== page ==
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Re: Comcast using IPS to protect the Internet from their home user clients?
From: Thomas Lakofski <thomas () 88 net>
Date: Thu, 11 Mar 2004 05:20:29 +0000 (GMT)

On Wed, 10 Mar 2004, Exibar wrote:

            Filtering should not be done by the ISPs, they should provide a
pipe, and that's it.  Ok, there are some circumstances, like a DoS against
your equipment, where the ISP is the only means of blocking the traffic,
that's a different story.

Filtering is one thing, and I agree that it's a bad step to take for all
sorts of reasons.  Maybe, though, there are other ways to trap bad
traffic at the ISP level?  I ran LaBrea for a few months on the 3 spare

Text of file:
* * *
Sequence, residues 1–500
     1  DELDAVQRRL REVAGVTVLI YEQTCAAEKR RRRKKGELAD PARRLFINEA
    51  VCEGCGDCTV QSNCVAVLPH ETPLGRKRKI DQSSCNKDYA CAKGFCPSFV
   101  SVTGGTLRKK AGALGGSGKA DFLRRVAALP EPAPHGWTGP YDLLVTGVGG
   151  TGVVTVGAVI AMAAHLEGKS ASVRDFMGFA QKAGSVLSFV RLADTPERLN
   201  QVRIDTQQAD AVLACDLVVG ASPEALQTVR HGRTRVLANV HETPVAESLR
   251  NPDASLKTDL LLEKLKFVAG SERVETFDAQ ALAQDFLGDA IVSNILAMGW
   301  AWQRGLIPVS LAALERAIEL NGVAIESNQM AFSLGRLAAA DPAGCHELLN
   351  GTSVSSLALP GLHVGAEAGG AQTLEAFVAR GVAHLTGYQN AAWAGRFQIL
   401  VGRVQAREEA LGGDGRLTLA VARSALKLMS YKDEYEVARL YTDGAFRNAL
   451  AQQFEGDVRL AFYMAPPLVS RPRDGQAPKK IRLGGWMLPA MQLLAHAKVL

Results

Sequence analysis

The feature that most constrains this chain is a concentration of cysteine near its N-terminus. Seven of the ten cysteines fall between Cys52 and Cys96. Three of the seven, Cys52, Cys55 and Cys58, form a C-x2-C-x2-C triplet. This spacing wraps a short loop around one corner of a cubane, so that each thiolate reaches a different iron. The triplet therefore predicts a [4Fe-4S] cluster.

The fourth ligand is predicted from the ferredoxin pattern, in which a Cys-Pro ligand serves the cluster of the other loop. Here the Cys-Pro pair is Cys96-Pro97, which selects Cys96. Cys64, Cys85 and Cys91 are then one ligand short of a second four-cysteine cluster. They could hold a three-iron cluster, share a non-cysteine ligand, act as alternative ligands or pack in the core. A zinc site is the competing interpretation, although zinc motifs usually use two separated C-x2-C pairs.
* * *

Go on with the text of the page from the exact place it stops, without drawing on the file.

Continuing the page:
IPs in my /29, which tended to seize several thousand scanning threads
from all over the place, most of them indefinitely.  Some hosts
afflicted with particularly stupid scanners snarled hundreds of threads
for weeks.  This was at the cost of a staggering 1kB/s upstream

I wonder if it would be worth it for ISPs to take a /16 or even a
/15s-worth of addresses, and channel all the traffic to a few hefty boxes
running something like LaBrea.  With judicious interleaving of the
tarpitted address space with subscriber pools, most scanners which
operate tiered scanning (local net, then /24, /16, /8 etc.) will fairly
quickly get their threads stuck in the local ISP tarpit.  The tarpit
would also make an ok compromised host detector too...

I'm not sure what the downsides are besides wasted address space, and
some (additional) wasted bandwidth within each ISP (or externally, if
they expose the tarpits).

Any opinions?


Thomas Lakofski
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